Q&A: What is a “malaphor”?

By | August 5, 2020

A malaphor is an idiom blend: an error in which two similar figures of speech are merged, producing an often nonsensical result.

Malaphor comes from the blending of the words malapropism and‎ metaphor. It was coined by Lawrence Harrison in an August 6, 1976 Washington Post opinion piece titled “Searching for Malaphors”.

Malaphors are also known as Dundrearyisms, named after Lord Dundreary, a foolish aristocrat in Tom Taylor’s play Our American Cousin (1858), who utters remarks of this kind.


“We’ll burn that bridge when we get to it.”
(From “we’ll cross that bridge when we get to it” and “don’t burn your bridges”.)

“Too many chefs in too many pies.”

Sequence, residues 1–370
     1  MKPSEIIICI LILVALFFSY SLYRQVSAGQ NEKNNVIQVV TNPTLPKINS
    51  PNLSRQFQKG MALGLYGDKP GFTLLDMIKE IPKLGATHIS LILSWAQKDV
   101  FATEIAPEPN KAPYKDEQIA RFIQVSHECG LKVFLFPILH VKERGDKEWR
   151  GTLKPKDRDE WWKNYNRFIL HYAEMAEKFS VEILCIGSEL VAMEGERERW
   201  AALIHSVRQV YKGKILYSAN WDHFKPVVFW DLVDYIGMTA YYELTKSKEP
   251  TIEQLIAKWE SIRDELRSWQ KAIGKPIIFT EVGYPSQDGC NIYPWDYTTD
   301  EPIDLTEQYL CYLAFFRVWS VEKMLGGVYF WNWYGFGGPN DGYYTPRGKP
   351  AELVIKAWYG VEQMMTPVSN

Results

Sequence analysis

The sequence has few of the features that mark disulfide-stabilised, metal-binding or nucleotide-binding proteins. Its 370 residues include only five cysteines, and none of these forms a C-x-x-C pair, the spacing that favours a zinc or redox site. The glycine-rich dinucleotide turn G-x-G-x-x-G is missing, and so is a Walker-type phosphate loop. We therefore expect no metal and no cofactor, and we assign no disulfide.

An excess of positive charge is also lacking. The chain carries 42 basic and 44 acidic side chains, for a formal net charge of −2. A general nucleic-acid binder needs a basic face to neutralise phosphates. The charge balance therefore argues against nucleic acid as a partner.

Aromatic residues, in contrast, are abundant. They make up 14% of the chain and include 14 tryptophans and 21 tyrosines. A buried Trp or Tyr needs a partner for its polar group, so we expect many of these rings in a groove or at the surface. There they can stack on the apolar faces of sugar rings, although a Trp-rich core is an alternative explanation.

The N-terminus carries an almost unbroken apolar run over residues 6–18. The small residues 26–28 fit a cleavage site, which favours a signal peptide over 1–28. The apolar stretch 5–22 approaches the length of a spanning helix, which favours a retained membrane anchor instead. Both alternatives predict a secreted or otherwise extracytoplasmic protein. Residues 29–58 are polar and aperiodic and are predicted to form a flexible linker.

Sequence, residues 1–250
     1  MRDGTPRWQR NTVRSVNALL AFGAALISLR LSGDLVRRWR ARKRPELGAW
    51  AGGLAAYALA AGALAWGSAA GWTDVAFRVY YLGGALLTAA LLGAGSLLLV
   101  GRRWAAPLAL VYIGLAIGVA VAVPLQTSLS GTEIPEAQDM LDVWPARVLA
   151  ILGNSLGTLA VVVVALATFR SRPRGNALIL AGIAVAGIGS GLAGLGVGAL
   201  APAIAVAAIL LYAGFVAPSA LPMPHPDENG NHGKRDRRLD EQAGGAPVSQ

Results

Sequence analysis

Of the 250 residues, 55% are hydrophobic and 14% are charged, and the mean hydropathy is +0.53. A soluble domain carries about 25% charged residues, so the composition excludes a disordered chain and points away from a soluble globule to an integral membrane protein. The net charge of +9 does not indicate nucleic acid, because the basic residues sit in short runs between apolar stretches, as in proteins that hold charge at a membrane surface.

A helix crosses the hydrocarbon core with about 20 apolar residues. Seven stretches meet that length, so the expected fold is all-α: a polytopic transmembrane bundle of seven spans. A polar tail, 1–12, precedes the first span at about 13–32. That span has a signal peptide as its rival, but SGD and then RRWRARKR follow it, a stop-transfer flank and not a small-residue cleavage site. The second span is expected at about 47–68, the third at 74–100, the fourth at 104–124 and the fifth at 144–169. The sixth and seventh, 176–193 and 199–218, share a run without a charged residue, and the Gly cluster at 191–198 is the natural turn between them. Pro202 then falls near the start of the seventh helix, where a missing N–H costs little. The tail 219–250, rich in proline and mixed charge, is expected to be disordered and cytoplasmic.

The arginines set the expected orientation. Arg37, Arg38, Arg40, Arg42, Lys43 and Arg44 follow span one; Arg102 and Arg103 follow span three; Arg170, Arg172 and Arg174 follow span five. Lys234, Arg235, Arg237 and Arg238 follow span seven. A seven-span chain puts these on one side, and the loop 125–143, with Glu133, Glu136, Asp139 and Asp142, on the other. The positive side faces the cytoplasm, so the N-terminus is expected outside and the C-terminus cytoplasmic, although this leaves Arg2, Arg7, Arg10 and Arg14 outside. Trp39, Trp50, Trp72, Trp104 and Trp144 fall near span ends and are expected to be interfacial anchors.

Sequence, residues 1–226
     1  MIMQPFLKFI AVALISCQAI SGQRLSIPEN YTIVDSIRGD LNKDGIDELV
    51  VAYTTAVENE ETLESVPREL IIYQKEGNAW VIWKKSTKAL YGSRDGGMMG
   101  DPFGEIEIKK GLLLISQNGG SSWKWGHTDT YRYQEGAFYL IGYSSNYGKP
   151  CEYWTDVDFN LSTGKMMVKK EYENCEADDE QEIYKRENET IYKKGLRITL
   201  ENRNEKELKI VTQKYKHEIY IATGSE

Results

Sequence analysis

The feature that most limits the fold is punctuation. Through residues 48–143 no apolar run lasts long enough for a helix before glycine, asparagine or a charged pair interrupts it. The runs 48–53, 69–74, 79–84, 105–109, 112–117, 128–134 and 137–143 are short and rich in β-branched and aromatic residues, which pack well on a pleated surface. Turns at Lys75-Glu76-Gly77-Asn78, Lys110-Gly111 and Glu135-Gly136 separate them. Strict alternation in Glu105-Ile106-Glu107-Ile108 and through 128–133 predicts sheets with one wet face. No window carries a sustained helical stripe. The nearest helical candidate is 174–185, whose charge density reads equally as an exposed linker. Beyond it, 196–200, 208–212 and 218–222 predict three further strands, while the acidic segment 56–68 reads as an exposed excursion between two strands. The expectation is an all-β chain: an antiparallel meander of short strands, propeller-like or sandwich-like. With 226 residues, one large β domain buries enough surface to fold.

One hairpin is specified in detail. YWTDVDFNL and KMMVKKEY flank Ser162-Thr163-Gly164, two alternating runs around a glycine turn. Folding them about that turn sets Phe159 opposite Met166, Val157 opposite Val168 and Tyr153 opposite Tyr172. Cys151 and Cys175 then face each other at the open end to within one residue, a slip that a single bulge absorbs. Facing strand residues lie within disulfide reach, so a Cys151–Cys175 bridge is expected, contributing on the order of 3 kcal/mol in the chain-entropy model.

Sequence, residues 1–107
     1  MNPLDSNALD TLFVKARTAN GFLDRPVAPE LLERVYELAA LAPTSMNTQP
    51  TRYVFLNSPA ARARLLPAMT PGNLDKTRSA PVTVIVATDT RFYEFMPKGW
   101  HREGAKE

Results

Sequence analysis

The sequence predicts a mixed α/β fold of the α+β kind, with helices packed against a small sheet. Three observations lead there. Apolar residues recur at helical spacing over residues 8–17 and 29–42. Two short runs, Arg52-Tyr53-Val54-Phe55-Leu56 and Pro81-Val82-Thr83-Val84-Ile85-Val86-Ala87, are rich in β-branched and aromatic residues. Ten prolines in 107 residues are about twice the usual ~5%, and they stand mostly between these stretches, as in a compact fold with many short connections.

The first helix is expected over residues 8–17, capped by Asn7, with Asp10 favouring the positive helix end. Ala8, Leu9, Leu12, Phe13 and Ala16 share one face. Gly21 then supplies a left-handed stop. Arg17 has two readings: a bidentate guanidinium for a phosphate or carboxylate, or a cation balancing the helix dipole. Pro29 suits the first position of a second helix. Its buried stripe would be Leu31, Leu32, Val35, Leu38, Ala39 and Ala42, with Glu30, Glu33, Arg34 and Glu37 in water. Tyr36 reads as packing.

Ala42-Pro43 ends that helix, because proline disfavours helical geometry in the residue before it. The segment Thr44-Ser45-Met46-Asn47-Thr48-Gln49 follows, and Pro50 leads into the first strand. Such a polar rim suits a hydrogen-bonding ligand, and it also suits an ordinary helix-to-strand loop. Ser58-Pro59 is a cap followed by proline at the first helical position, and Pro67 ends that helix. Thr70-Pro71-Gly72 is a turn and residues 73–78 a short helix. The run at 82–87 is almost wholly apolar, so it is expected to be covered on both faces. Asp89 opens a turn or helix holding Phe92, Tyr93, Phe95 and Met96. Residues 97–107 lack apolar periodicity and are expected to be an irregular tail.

(From “too many chefs spoil the broth” and “one finger in too many pies”.)

“It’s like stabbing a hole in the dark.”
(From “a stab in the dark” and “hole in the dark”.)

“Does the pope shit in the woods?”
(From “does a bear shit in the woods?” and “is the pope Catholic?”.)

“Stop pissing on my thunder.”
(From “stop stealing my thunder” and “stop pissing on my chips”.)

“You can’t teach sleeping dogs new tricks.”
(From “You can’t teach an old dog new tricks” and “Let sleeping dogs lie”.)


Harrison, Lawrence. “Searching for Malaphors”. Washington Post. August 6, 1976.

malaphor”. Wiktionary. June 3, 2020, 22:57 UTC. Accessed August 5, 2020.

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